When children return to school, most will be safer there than at home. In spite of all the nostalgic attempts to keep us believing “the American family” is an idyllic refuge, statistics say that home is the most dangerous place for children.
It’s hard to believe because schools are a place where the violence taught by adults to children also gets acted out. But if the figures of victimization of children in our schools were even close to those for our homes, we’d be declaring it a national epidemic.
Making schools safe for all children, such has LGBT kids, continues to be a struggle. What should be a no brainer – we want every child to be safe in our schools – finds the right-wing objecting to it because it might promote the mere tolerance of “homosexuality.”
It’s the endorsement, one objector said to the Safe Schools Movement in Minnesota schools, “of homosexual propaganda.” From there the objectors rise to hysteria and fear tactics.
LGBT kids are hardly safer at home. A 2006 National Gay and Lesbian Task Force study found that 42 percent of homeless teens identify as gay. They’re out there because their families threw them out. And this doesn’t even count the on-going abuse of these kids in the home when they stay.
But this is a part of a larger problem – families are the place where children are most often abused and used. And it’s not a set of isolated incidents.
A study of 991 American parents reported in the November 2003 issued of the Journal of Marriage and Family, reported that most parents bully their children. One of the researchers, Murray Straus, co-director of the Family Research Laboratory at the University of New Hampshire concluded: “nearly all parents, regardless of other demographic characteristics, used at least some psychological aggression as a disciplinary tactic.”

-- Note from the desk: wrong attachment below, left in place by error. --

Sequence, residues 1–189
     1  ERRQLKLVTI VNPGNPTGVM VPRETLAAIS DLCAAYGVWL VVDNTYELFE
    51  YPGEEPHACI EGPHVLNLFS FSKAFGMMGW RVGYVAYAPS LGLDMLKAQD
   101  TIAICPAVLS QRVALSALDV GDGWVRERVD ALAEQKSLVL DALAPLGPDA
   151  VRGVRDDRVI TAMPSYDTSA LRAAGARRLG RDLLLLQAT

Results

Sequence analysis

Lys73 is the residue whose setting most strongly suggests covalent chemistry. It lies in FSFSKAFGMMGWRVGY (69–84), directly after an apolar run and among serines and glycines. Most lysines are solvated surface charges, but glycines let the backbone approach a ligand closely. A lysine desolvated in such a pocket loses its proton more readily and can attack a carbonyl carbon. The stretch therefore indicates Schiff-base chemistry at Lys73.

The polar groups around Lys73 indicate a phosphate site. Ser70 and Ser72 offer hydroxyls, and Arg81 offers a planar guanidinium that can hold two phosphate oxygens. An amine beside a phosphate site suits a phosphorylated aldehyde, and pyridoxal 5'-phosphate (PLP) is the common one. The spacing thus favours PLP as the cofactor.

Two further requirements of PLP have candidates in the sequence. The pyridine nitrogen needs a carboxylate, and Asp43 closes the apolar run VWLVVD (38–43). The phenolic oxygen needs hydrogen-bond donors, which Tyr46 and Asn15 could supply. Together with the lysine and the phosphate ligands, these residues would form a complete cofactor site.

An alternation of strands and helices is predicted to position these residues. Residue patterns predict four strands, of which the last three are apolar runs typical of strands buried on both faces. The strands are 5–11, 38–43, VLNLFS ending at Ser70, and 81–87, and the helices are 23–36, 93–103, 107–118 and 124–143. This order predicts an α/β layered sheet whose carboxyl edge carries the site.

Fear that children’s later problems are caused by lack of strict punishment might make parents and authorities reluctant to label the types of aggression they use on children as abuse. But, Straus reminds us: “There is no empirical evidence to indicate occasional psychological abuse, such as the frustrated parent ‘blowing off steam’ is harmless.”
If this were all, we might slip by. We’d certainly like to write this off as over-concern.
But in spite of all the “stranger danger” scares pumped up by the mainstream media, study after study has shown that children face the greatest danger from violence and sexual abuse from people they know – parents, relatives, family friends, and caretakers.
A 2006, 5-year report from the US Department of Health and Human Services looked at the 905,000 children under age 18 who were victims of abuse that had risen to the level of reporting it to the authorities. 83 percent were abused by parents and another 10 percent by foster parents, daycare staff, unmarried partners of parents, legal guardians, or residential facility staff.
In terms of sexual abuse, 26 percent were abused by their parents and another 29 percent by other adults they already knew.
In the same year, a Centers for Disease Control report said 91,278 infants under a year old experienced nonfatal abuse or neglect, including nearly 30,000 who experienced maltreatment in their first week of life. According to the Child Welfare Information Gateway, three children die every day in the US as a result of abuse or neglect.
Add to all this the adult exploitation of their children – parents using children to fight their own insecurities, childhood hurts, and feelings of inadequacy. The question such children get when they arrive home isn’t “Have you been good?” or even “Have you done good?” but “Did you win?”